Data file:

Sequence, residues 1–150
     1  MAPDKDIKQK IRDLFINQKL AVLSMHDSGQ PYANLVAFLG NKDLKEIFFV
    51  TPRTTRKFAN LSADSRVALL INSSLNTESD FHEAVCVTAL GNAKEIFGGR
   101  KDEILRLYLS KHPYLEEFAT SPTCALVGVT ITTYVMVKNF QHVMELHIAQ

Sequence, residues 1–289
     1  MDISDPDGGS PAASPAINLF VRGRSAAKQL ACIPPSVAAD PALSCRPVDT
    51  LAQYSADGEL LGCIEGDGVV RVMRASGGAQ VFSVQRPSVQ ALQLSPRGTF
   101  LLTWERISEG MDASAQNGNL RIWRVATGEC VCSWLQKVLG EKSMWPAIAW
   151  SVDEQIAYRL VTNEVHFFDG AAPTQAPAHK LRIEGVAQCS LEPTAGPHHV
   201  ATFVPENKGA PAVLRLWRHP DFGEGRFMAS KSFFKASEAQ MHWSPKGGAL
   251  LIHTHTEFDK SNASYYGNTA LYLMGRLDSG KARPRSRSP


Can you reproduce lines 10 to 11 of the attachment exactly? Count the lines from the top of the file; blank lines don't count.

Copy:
   201  ATFVPENKGA PAVLRLWRHP DFGEGRFMAS KSFFKASEAQ MHWSPKGGAL
   251  LIHTHTEFDK SNASYYGNTA LYLMGRLDSG KARPRSRSP